``He looked better than he had for most of the year,'' manager Mike Scioscia said. ``He got his strength back and got the inflammation out. Hopefully as we go down the stretch he'll be there for us.''
Right fielder Tim Salmon returned to the starting lineup for the first time since he was hit by a pitch on Aug. 10, suffering a bone bruise in his left hand.
Salmon batted No. 7 in the order, Scioscia's way of allowing Salmon to get his timing back without having the pressure of hitting in the No. 3 spot. Salmon went 22 games without an at-bat, so it might take some time before he can get his rhythm at the plate. Until then, Scioscia said, Salmon can still be productive.
``He's going to contribute,'' Scioscia said. ``Even when he's struggling he contributes, taking his walks and getting on base. And just his presence in the lineup is important.''
Salmon went 0 for 2 with two walks on Thursday.
``I felt pretty good up there,'' Salmon said. ``The big thing is seeing pitches and getting my rhythm back. But as far as swinging with authority, I felt good tonight.''
The Angels' Triple-A team at Salt Lake won the Game 1 of the Pacific Coast League American Conference playoffs on Wednesday, beating Oklahoma (Texas Rangers) 7-5. First baseman Larry Barnes hit a three-run homer and center fielder Jeff DaVanon went 2 for 3 in the victory.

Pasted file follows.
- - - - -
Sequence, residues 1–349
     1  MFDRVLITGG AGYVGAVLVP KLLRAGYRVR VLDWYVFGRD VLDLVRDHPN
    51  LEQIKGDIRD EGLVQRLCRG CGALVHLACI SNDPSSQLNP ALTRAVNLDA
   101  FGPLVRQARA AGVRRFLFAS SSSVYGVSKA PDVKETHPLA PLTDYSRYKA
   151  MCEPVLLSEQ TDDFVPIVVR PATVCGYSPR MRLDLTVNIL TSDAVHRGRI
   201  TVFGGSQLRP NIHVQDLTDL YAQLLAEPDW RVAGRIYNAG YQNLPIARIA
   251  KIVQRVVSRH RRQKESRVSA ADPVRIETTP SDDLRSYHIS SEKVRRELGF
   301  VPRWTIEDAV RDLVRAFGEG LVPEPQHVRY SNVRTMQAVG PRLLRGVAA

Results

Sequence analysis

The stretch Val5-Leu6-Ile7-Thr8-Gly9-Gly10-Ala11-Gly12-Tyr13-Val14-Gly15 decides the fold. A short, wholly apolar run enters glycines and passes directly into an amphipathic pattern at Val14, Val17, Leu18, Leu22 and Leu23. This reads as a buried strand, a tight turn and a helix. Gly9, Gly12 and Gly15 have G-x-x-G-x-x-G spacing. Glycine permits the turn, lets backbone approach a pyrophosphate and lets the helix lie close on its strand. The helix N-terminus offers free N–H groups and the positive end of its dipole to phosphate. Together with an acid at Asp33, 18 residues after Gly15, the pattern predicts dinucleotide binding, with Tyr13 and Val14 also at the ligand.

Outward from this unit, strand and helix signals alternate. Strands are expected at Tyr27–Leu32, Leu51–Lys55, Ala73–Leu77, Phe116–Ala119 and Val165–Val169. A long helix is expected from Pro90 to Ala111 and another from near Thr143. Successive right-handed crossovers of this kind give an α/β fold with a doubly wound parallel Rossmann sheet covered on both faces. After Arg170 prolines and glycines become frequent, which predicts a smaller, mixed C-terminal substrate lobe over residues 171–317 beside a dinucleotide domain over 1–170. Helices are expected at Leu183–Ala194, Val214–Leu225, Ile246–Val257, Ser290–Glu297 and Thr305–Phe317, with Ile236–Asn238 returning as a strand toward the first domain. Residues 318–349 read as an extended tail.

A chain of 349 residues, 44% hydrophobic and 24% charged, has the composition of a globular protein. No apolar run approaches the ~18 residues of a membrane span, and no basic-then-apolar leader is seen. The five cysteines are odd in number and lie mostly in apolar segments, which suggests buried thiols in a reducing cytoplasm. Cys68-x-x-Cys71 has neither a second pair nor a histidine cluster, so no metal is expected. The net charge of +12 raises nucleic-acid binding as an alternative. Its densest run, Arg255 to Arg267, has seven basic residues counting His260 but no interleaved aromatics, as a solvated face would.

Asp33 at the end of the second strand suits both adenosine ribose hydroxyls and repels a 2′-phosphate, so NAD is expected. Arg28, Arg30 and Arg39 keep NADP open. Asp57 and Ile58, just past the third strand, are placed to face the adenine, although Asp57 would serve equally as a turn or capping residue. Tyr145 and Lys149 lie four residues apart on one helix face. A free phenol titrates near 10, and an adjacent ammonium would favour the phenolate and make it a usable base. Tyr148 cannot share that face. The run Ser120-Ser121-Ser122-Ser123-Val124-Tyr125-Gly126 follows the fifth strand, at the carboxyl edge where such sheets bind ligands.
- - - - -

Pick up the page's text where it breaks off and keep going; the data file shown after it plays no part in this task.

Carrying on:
The other Angels' affiliate to reach the playoffs -- Single-A Cedar Rapids -- won Game 1 of the Midwest League West Division playoffs, 8-4, over Quad City. First baseman Casey Kotchman, their first-round pick in 2001, went 4 for 6.
Second baseman Adam Kennedy ranks second in the American League in batting (minimum 150 at-bats) since the All-Star break. Kennedy is hitting .365 (57 for 156), second to the Yankees' Bernie Williams (.381, 82 for 215).
Former Devil Rays pitcher Jim Morris, promoting the release of the DVD ``The Rookie,'' threw out the first pitch before Thursday's game. The Devil Rays might have been wise to keep him in the game as starter Joe Kennedy gave up eight runs in 5 2/3 innings.